My Mental Health: How horror movies helped me process grief
As part of World Mental Health Day, Digital Spy staff are sharing their stories of when TV shows and movies spoke to them about their own experiences with mental health problems.
Horror movies get a bit of a bad rap, and horror fans are often painted as a blood-thirsty bunch of sadists who enjoy watching other people’s pain. I’ll take that, but that’s not the only appeal of horror.
In the summer of 2009 my father died. It was very sudden, he wasn’t sick and I found it hard to deal with. I’ve been a film journalist for more than a decade, am somewhat obsessive about my job and needed the distraction, so I decided to return to work just two days after it happened (I took some more time off around the funeral). Unsurprisingly, watching movies is a massive part of my work and suddenly I found myself struggling.
Bereavement had left me on one hand bulletproof (I really did not sweat the small stuff) but also completely raw. It was this rawness that began to be a problem. Movies are emotional: they’re supposed to make you feel things, but now, as a prickling ball of sensitivity, it was all a bit too much with certain films.
In hindsight I know Where the Wild Things Are isn’t actually a five-star movie. But it started me crying from five minutes in (when young Max sees an inscription on a globe from his estranged – possibly dead – father) right through to the end. My colleagues were sweet enough not to nix my rave review for fear of more tears.
And I know The Descendants is meant to be a comedy, but the scene where George Clooney turns off his wife’s life-support machine absolutely destroyed me at the London Film Festival’s red-carpet gala at a screening with the stars in attendance. Posh dress and panda eyes don’t make for a good look.
Horror films became my safe space. I’ve been a fan for years but until the summer of 2009 I hadn’t quite realised how much many horror movies aren’t about death at all – they’re about survival. They’re about beating death, about the pure human instinct to carry on in the face of the most terrible circumstances. They’re about conquering demons and relentlessly gripping onto life and hope.
There’s also a fierce, vital energy to horror films that right then, to me, equated to strength.
There’s an Australian movie called The Horseman which I remember massively identifying with at the time. It’s a furious rape-revenge movie (bear with me) about a man who discovers his daughter has been drugged, assaulted, and left for dead by a bunch of pornographers as part of a shoot.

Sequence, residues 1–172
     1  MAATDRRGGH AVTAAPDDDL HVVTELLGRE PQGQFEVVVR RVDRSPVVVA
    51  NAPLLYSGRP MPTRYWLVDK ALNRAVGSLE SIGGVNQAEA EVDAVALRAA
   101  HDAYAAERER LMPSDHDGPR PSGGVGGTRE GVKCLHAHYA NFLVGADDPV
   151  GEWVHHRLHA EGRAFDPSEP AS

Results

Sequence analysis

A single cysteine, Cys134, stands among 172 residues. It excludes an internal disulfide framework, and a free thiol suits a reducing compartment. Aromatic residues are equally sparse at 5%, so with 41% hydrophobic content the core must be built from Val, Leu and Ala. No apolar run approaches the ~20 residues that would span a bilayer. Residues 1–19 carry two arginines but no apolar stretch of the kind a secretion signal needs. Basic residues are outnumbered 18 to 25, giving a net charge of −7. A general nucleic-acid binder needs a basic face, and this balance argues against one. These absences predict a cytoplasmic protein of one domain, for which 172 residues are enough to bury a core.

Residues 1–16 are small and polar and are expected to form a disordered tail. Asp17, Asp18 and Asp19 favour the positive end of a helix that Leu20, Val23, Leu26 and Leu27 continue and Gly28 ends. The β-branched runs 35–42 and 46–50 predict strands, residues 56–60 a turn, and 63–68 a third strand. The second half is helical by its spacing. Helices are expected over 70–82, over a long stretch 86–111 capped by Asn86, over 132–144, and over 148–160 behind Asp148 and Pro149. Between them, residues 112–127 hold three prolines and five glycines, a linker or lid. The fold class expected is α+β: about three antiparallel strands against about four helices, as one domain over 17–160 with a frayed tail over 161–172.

The dad goes on a quiet rampage, destroying these men and their associates one by one in the most brutal ways. On his journey he meets a young pregnant woman who needs his help and becomes his travelling companion – he tells her he works in pest control and is on a business trip.
So what you get is a movie that alternates between violent rage and retribution driven by grief, and quiet solace and tenderness between a middle aged man and a girl who reminds him of his daughter.
It spoke to me. Of course I wasn’t carrying any sense of vengeance but anger is part of grief. As is a feeling of helplessness – so the need to do something, to take action, feels very important. And the movie offered gentle redemption through a closeness with another person, and a kind of post-grief rebirth – all on the money. It’s an exploitation movie, sure, but it was soothing.
That year a month after my Dad died I attended annual horror mecca Frightfest. 2009 was the year of Triangle, Troll 2 documentary Best Worst Movie, The Girl With The Dragon Tattoo and The Human Centipede.
It was like therapy (well not quite – the actual therapy I did later was obviously a very important part of getting through it too). Everyone is different and everyone grieves differently – but at a tough time in my life extreme ultra-violence was totally there for me.
Also in our My Mental Health series:
Panic attacks – and an obscure Guy Pearce period horror from 1999
What The Sopranos taught me about mental health
We would encourage anyone who identifies with the topics raised in this article to reach out. Organisations who can offer support include Samaritans on 116 123 (www.samaritans.org) or Mind on 0300 123 3393 (www.mind.org.uk). Readers in the US are encouraged to visit mentalhealth.gov or the American Foundation for Suicide Prevention.
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